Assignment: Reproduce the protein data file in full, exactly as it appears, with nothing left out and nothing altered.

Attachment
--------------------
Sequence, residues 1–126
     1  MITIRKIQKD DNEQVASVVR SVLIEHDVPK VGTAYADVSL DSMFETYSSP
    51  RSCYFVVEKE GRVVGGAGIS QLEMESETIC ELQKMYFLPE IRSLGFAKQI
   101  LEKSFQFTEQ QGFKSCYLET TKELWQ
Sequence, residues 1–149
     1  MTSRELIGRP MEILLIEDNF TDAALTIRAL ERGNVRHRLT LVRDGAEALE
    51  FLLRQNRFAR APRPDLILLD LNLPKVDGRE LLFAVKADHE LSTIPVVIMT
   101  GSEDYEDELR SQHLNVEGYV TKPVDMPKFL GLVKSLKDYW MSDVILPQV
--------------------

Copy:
Sequence, residues 1–126
     1  MITIRKIQKD DNEQVASVVR SVLIEHDVPK VGTAYADVSL DSMFETYSSP
    51  RSCYFVVEKE GRVVGGAGIS QLEMESETIC ELQKMYFLPE IRSLGFAKQI
   101  LEKSFQFTEQ QGFKSCYLET TKELWQ
Sequence, residues 1–149
     1  MTSRELIGRP MEILLIEDNF TDAALTIRAL ERGNVRHRLT LVRDGAEALE
    51  FLLRQNRFAR APRPDLILLD LNLPKVDGRE LLFAVKADHE LSTIPVVIMT
   101  GSEDYEDELR SQHLNVEGYV TKPVDMPKFL GLVKSLKDYW MSDVILPQV